At times our city streets look like a patchwork of potholes, trench cuts and repairs – all signs of a long life of hard work. Some of these also point to the unseen problems and hazards that lie beneath the pavement.
Cycling to work is one of my favorite parts of living in Portland. Engineering work is interesting and engaging, but like many modern professions it involves a good amount of sitting at a computer, and it is nice to be able to start and end each day with some exercise. I also feel like regular riding helps me as an engineer to better understand the needs of drivers, cyclists and pedestrians, and the effects of pavement conditions and different levels of pavement maintenance.
Each evening, my commute home takes me along Concord Street, a quiet bicycle boulevard through North Portland’s Overlook neighborhood. It’s often getting dark at this point in my trip, making it more difficult to see potholes and other potential ground level hazards. Hitting one of these isn’t serious, but a cyclist has to stay aware and be prepared to recover from a random jarring bump.
For months one particular pothole seemed to surprise me every time I passed. Each day I tried to remember the cross streets and location of the pothole, and each day I seemed to hit it head on. The situation was even more frustrating because this bump wasn’t really that big and should have been easy to avoid. It was less a pothole and more a dimple really. Instead of being broken or missing, the pavement here was depressed about 2 or 3 inches within a 6 or 8 inch diameter circle.
A dimple is a strange shape to see pressed into the pavement, even in a place that sees a pretty wide range of pavement distresses. Being an engineer, I would inevitably spend the next mile or so after hitting the dimple wondering what could have left such a weird shape in the ground. Construction equipment? A meteor? A bowling ball falling off a passing moving van?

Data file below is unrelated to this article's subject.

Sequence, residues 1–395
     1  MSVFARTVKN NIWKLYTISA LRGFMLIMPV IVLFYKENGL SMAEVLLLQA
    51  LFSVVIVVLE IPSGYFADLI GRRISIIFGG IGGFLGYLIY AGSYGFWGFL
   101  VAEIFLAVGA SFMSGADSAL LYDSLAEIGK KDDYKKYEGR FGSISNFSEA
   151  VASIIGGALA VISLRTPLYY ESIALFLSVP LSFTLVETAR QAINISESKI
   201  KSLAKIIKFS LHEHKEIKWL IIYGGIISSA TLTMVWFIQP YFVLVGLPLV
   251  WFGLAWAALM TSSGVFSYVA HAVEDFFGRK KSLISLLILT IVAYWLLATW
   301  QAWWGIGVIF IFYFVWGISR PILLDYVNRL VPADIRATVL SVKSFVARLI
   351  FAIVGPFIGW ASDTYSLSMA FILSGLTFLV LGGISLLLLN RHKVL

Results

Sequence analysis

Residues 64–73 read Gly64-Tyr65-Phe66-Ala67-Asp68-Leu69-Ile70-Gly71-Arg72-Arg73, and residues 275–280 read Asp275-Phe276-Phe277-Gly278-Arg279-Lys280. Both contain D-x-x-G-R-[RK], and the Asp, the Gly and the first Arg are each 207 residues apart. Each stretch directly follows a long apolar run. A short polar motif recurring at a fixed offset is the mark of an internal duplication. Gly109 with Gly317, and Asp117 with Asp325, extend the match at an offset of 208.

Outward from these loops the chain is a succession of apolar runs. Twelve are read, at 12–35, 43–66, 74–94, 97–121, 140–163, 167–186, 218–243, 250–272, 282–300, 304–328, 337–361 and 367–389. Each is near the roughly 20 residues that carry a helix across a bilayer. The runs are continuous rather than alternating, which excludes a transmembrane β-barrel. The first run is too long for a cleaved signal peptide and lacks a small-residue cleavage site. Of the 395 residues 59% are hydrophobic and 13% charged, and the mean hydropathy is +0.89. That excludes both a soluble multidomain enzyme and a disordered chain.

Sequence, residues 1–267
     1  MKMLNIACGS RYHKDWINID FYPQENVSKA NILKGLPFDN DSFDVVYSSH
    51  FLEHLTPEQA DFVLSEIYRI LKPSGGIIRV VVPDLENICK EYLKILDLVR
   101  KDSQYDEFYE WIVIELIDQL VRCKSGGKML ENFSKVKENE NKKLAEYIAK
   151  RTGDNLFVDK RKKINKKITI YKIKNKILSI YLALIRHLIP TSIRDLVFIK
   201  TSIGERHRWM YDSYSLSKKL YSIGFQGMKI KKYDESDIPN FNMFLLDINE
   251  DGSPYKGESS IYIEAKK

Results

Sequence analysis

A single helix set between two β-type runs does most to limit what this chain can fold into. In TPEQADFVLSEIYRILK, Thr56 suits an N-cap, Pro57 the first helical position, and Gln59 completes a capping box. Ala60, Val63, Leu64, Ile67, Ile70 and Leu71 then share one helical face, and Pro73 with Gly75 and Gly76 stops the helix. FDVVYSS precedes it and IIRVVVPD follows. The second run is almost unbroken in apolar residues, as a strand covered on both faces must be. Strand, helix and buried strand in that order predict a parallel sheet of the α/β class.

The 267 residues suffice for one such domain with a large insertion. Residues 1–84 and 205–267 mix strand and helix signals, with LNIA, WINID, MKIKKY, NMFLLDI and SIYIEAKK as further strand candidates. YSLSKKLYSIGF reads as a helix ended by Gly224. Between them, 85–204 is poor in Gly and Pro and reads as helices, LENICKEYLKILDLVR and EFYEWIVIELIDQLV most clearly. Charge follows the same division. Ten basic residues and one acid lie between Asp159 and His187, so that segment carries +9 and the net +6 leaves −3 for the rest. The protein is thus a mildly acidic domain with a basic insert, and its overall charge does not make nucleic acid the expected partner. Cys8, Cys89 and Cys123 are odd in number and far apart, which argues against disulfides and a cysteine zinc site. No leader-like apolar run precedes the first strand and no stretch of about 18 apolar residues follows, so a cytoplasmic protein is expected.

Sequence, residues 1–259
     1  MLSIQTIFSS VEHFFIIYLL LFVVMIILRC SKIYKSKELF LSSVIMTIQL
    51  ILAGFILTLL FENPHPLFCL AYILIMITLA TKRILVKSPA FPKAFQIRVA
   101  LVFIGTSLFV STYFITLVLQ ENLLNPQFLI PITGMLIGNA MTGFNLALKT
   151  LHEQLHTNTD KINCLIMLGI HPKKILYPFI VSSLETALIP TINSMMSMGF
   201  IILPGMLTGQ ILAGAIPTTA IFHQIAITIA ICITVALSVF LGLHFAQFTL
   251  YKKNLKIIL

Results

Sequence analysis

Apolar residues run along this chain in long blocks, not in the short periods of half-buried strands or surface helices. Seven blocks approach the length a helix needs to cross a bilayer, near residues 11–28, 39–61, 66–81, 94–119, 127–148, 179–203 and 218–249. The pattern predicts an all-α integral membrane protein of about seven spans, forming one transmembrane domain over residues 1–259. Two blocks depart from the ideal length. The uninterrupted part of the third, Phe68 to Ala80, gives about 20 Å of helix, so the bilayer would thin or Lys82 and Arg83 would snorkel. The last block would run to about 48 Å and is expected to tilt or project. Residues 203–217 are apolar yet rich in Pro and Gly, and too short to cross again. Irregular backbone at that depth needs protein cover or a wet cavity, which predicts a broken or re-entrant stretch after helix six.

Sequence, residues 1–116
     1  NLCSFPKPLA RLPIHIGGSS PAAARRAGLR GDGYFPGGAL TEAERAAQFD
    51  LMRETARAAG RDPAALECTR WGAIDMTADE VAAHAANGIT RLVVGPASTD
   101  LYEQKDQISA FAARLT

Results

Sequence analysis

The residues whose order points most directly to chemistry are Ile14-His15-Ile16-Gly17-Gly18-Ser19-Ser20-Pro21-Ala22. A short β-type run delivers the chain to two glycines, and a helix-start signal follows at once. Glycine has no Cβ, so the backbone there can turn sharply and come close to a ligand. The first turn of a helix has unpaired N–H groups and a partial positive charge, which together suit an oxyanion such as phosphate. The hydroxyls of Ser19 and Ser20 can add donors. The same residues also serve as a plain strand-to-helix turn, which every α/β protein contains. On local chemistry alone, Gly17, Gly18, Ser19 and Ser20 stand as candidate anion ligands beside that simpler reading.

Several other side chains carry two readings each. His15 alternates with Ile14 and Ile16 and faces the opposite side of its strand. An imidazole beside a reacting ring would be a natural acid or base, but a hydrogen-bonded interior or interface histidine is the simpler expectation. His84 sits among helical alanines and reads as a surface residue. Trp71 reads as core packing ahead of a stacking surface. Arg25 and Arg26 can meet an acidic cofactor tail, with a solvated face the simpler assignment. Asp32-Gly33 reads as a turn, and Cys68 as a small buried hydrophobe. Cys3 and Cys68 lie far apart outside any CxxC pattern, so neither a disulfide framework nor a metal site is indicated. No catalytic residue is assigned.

And then, one day, there was a sinkhole. This video was from about a month after it first appeared.
The hole shown here is about 8 inches in diameter through the pavement – about the size of the preceding dimple – and widens to roughly twice that below ground. The cut extends down and around the adjacent manhole for about 5 or 6 feet. The axis of the hole is on a slight angle, but there is a fair amount of loose dirt on the low side, which could mean that the walls of the collapse are below the surface that we see here.
So where did this hole come from? It is a strange thing for something as strong and reliable as pavement to suddenly be swallowed up by the earth, and the question is (understandably) asked whenever a sinkhole appears. Believe it or not, even the biggest sinkholes are usually caused by very small, almost unnoticeable problems occurring over long periods of time. The overwhelming majority of these problems involve two things: rats and leaky sewers.
Our urban sewer systems are essentially massive underground tunnel networks and they make perfect highways for rodents to move around the city. Once in the sewer, a rat would exit through a break in the pipes – of which there are many more than we would like to believe. Digging upward, he would eventually reach a point where the roadway subgrade is too hard for him to continue, would flatten his trajectory and would head for softer ground, usually ending up in a landscaped area.
This rat burrow is now an open conduit for surface and ground water to enter the sewer system, much like our catch basins and pipes except that this conduit isn’t planned or lined. Over time, flowing water will wash soil into the sewer, which will in turn carry it away. The pavement above the hole will grow weaker and weaker as it loses support until it is entirely relying on its own material strength to stay in place. The hole will of course continue to grow and then, one day when either the hole has grown too big or a heavy load is placed above it, there will be a sinkhole.